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Senate Majority Leader Chuck Schumer and House Speaker Nancy Pelosi attend a briefing

House Speaker Nancy Pelosi (D-Calif.) and Senate Majority Leader Chuck Schumer (D-N.Y) conduct a news conference on April 28, 2022. (Photo: Tom Williams/CQ-Roll Call, Inc. via Getty Images)

Millions Could Soon Face Surging Health Insurance Premiums Unless Congress Acts

"Democrats are on the verge of dooming millions of Americans to huge new healthcare bills, which will in turn serve to ruin any hope Democrats have of winning the midterms."

Jake Johnson

Millions of people across the United States who purchase health coverage on the Affordable Care Act exchanges could soon see their premiums soar if Congress doesn't extend subsidy programs that Democratic lawmakers enacted as part of their response to the coronavirus pandemic.

The nonprofit group Families USA estimates in an issue brief published Monday that "health insurance premiums are slated to shoot up by more than 53% next year for 14 million people who buy their own insurance from health insurance marketplaces."

"The total cost increase for struggling families in America will likely exceed a staggering $12 billion a year."

"The total cost increase for struggling families in America will likely exceed a staggering $12 billion a year," the analysis warns. "Congress must act decisively to prevent huge increases in health insurance costs for families who already face serious challenges coping with rapidly rising living expenses."

Despite the potentially devastating implications for millions of households, the looming premium hike has largely flown under the radar on Capitol Hill. Back in March, journalist Jon Walker warned in The American Prospect that Democrats are "sleepwalking into a healthcare disaster that's entirely of their own making."

"Democrats are on the verge of dooming millions of Americans to huge new healthcare bills," Walker added, "which will in turn serve to ruin any hope Democrats have of winning the midterms."

The American Rescue Plan, a sprawling coronavirus relief package that President Joe Biden signed into law last year, included provisions that boosted ACA subsidies for low-income people and ended the income cap on subsidies. The latter measure ensures that no one is forced to pay more than 8.5% of their total income to buy health coverage on the ACA exchanges.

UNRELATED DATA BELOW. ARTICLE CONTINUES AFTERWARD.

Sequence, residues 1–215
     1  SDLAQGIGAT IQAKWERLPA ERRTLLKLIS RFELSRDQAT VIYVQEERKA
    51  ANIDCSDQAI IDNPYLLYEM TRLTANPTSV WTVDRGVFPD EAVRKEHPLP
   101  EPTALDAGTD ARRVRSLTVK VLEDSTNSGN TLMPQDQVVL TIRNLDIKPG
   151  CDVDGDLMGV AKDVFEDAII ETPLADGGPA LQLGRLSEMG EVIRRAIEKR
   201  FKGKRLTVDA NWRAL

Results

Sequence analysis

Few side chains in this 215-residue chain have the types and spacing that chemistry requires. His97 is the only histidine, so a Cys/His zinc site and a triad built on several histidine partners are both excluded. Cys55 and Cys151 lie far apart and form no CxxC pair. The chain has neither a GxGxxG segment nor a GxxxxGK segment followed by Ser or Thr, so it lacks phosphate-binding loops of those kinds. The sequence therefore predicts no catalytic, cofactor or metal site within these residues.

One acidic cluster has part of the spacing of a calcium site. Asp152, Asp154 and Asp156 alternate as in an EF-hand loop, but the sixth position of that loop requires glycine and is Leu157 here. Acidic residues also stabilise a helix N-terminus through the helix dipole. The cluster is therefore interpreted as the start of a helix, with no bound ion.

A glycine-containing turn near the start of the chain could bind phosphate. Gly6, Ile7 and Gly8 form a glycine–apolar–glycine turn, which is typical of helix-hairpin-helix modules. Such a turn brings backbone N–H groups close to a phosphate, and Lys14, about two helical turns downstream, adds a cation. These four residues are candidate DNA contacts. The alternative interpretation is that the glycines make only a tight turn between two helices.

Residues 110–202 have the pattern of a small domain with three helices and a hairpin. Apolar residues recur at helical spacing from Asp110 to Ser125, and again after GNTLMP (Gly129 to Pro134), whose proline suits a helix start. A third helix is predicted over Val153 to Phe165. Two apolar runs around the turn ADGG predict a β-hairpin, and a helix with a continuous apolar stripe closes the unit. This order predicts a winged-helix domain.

The issue is that the provisions were designed to last just two years, and legislation that many Democrats and advocates hoped would make the benefits permanent—the Build Back Better Act—is dead in the Senate thanks in large part to the opposition of Sens. Joe Manchin (D-W.Va.) and Kyrsten Sinema (D-Ariz.).

According to Families USA, the roughly 23,000 West Virginians who buy health insurance on the ACA exchanges will see their annual premiums rise by an average of $1,536—63%—if the American Rescue Plan provisions aren't extended beyond this year.

Arizonans will be hit with an average yearly premium hike of $828, Families USA noted.

Across the U.S., more than 3 million people will likely lose insurance coverage entirely if Congress doesn't re-up the subsidy enhancements.

Growing alarm over the possible ACA premium jump comes as healthcare advocates are also voicing concerns about rising Medicare premiums and a potentially massive purge of Medicaid enrollees if the Biden administration allows the Covid-19 Public Health Emergency declaration to expire in July.

Last week, as Common Dreams reported, Sen. Bernie Sanders (I-Vt.) introduced the latest version of his Medicare for All legislation, decrying a state of affairs in which "there are millions of people who would like to go to a doctor but cannot afford to do so."

In his March column for the Prospect, Walker observed that "while current enhanced ACA subsidies don't expire until the end of December, open enrollment to sign up for insurance in 2023 starts on November 1st."

"This means customers will receive letters about their 2023 premiums, and the news will start covering stories about premium increases, in October, the same time that mail-in ballots will reach voters," Walker wrote. "Beyond broadly hurting 14 million people, the end of these subsidies will create thousands of uniquely horrific stories of financial devastation."

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